I opened my eyes and it finally hit me: we were done. There were no more routes to plan, no more distances to estimate and no car to worry about. It felt liberating, though I will not deny the sense of melancholy that clung to me for not making it to Mongolia. I was determined to spend a few relaxing days in Almaty before heading back home to Germany.
The weather was not particularly nice. We wanted to explore the city anyway. We first stopped at a roadside food stall near the Green Market, where we had a delicious lunch of plov and laghman. We washed the food down with some hot tea, all within the price range of 1100 Tenge (~ 3 EUR). I was mesmerized by the man serving plov from a giant cauldron. He never looked up and was completely focused on meticulously spooning rice onto each plate. He had the air of a man who took his responsibilities in life seriously.
After lunch, we strolled around the Green Market, a large covered bazaar offering everything: fresh produce, meat, cheese, bread, sweets, nuts and even clothes & shoes. The bazaar was very organized and there were guards everywhere, waving for us to put our cameras away. It wasn’t immediately clear why.
Once we had our fill of the bazaar, we walked to the Panfilov War Memorial, a massive monument dedicated to fallen soldiers that died in battle against Nazi forces near Moscow in 1941. It was a little disconcerting to find a wedding party all decked out and having a photo shoot at the memorial, but hey, who am I to judge?
Not too far away was the Ascension Cathedral, also known as the Zenkov Cathedral, a Russian Orthodox cathedral. We walked around it and admired its ornate designs. Being a tourist is hard work, so we soon went back to the hostel to lay down for a nap.
The nap was energizing, and as soon as we were awake enough to handle our credit cards, we booked out flights back home. Unfortunately, we could not find any flights for Saturday, but got a pretty good deal through Pegasus Airlines, flying through Istanbul very early on Sunday. This will have to do.
We headed to a fancy restaurant specializing in Central Asian and Uzbek cuisine for dinner. As we approached Tyubeteika, we realized that we probably weren’t dressed up enough for the place. We then discovered that we had only USD in cash and no credit card. The restaurant wouldn’t take our USD, so we caught another cab back to the hostel, picked up a credit card and went back. The food didn’t disappoint. If there’s anything to be said of Almaty, it is that the sprawling cosmopolitan has an impressive number of food options.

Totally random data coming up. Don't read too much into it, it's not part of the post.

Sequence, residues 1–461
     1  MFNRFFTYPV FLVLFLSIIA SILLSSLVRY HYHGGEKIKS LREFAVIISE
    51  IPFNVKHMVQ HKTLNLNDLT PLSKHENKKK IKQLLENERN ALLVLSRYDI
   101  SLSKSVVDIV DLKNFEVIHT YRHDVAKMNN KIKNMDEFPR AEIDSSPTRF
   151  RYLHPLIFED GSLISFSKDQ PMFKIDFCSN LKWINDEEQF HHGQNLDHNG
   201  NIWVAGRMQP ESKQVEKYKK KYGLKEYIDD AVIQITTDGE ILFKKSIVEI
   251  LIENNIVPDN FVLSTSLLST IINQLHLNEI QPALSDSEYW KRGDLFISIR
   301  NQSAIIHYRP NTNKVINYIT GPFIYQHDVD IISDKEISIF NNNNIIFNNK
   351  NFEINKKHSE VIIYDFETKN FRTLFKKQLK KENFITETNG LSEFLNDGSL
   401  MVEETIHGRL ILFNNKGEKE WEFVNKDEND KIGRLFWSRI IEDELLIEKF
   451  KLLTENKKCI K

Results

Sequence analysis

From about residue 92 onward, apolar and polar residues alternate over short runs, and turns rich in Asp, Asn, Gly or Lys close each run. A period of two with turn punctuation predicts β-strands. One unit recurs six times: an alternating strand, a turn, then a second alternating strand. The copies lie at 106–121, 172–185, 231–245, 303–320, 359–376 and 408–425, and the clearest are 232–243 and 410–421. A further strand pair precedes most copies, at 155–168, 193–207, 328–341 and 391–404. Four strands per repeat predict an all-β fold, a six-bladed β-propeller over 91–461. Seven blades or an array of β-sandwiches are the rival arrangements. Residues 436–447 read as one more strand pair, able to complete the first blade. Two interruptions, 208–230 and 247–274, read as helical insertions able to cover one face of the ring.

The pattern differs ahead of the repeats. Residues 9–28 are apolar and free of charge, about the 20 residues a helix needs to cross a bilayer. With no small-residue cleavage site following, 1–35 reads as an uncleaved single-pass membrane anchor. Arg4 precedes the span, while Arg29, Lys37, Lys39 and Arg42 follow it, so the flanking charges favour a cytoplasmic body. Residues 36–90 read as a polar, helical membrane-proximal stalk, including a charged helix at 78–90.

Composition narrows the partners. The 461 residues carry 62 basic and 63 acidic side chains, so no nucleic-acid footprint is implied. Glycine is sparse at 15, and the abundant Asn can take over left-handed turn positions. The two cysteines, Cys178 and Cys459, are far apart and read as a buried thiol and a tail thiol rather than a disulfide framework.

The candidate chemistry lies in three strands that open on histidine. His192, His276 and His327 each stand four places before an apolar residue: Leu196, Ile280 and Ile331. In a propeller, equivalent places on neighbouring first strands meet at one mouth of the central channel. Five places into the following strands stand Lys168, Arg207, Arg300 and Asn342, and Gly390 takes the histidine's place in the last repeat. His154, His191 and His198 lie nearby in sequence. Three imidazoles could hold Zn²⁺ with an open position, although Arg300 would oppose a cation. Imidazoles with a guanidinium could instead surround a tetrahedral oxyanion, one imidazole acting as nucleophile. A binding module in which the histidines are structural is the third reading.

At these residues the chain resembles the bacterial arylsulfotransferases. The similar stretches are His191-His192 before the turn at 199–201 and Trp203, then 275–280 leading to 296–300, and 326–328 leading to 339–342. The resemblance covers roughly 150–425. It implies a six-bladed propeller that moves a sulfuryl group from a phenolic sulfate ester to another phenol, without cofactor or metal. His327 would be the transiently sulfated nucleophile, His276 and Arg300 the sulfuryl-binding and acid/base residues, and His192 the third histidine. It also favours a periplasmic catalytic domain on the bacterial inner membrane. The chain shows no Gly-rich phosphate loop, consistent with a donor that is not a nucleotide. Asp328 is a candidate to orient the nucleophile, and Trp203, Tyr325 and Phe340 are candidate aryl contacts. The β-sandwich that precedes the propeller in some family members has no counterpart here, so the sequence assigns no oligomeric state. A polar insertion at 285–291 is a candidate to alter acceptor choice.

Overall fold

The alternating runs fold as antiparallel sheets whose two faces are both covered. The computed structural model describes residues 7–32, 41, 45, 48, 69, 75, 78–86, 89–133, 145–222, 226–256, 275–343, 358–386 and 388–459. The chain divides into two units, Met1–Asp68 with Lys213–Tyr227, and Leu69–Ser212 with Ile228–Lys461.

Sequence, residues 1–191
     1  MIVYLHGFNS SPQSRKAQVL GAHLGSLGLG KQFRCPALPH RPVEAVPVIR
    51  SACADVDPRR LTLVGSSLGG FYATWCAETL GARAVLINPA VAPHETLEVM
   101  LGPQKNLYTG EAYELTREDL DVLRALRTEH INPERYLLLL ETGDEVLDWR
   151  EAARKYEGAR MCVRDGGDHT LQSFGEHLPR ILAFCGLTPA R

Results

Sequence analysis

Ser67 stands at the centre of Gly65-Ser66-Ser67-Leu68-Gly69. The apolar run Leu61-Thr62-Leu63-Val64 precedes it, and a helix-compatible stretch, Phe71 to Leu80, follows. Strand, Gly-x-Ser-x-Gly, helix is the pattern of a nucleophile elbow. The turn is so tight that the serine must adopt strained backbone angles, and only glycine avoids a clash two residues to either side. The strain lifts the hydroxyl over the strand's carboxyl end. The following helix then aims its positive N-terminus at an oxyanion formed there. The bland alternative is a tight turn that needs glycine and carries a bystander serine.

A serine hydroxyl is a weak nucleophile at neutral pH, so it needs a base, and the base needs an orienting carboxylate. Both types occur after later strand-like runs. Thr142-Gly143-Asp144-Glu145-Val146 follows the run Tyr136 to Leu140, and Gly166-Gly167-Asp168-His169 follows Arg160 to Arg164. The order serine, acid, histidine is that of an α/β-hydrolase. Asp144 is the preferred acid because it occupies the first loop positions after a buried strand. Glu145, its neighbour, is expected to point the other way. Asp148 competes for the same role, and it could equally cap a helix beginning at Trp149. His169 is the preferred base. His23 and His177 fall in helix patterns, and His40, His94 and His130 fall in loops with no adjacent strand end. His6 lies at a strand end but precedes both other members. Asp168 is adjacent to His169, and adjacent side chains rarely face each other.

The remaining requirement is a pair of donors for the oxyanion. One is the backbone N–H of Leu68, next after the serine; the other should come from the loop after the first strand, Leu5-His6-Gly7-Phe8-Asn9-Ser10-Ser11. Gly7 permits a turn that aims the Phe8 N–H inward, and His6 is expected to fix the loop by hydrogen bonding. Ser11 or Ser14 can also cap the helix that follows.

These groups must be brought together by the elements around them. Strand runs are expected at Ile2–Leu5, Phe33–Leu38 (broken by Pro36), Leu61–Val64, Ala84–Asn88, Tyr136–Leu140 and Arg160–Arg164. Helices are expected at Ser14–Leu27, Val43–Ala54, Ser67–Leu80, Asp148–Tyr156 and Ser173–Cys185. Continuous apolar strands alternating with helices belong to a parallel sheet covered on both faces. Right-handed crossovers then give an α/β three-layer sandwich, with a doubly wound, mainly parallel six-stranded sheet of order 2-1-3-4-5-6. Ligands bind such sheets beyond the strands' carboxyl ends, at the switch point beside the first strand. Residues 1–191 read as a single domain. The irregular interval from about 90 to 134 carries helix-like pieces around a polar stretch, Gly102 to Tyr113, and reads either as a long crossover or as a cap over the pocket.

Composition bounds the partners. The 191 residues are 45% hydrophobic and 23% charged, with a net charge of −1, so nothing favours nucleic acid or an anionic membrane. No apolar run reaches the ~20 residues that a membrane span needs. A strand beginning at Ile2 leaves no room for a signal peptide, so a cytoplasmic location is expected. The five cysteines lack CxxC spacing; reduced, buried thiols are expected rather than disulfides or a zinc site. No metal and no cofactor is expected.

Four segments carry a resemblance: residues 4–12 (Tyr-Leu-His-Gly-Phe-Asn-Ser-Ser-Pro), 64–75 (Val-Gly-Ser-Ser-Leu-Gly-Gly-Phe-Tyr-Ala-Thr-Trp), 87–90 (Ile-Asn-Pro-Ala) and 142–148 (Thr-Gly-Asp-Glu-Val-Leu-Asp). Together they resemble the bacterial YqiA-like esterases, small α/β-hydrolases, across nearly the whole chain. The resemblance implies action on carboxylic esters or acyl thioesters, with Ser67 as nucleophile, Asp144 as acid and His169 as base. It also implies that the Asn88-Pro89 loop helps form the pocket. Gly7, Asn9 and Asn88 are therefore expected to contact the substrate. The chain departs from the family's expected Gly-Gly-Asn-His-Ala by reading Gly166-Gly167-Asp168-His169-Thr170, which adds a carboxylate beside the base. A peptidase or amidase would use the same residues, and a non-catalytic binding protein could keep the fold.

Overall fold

The weather the next day was much better. I had been craving some comfort food. Moritz found a curry place for lunch, but we only realized it was closed when we got there. We found a surprisingly posh pizza/pasta place within walking distance. The food was good, but pretty expensive for even European standards. We took another walk after lunch and ended up at the Republic Plaza, with stunning views of snow-capped mountains in the background.
We soon discovered a random underground mall nearby and settled ourselves into a fancy coffee shop. I sipped my coffee and scribbled in my journal. It was suddenly strange to be drinking such an extravagant coffee after 28 days on the road. It was our last day, I reasoned. I could indulge myself.
Our flight was scheduled to leave at 5:30am the next day. We had an early dinner at a great Korean place, and then laid down for a snooze around 9pm. We had ordered a taxi for 2am, and I kept wondering if the taxi driver would show up. He did indeed, and drove us to the airport in top speed. We tipped him extra for being on time, and checked into our flight after elbowing our way through throngs of people. For such an odd hour, the airport was surprisingly full. After all the formalities were completed, we boarded our flight to Istanbul.
It was finally over. We had mostly done it. 14 countries, 10,000 kilometers and 28 days after we first started the trip in Bonn, our hearts were fuller and our senses a little sharper for having embarked on this amazing journey. It was a true test of our own abilities to cope with harsh temperatures, lack of creature comforts and the searing disappointment of not having finished the rally, but boy was I glad that we came this far.
This post is part of a series covering my trip across Central Asia in four weeks.
3 Comments Add yours
What a trip!
Indeed! I can definitely recommend doing the rally if you ever get the chance!
Yeh in like, 15 years time when the kid leaves home! Lol. Chers x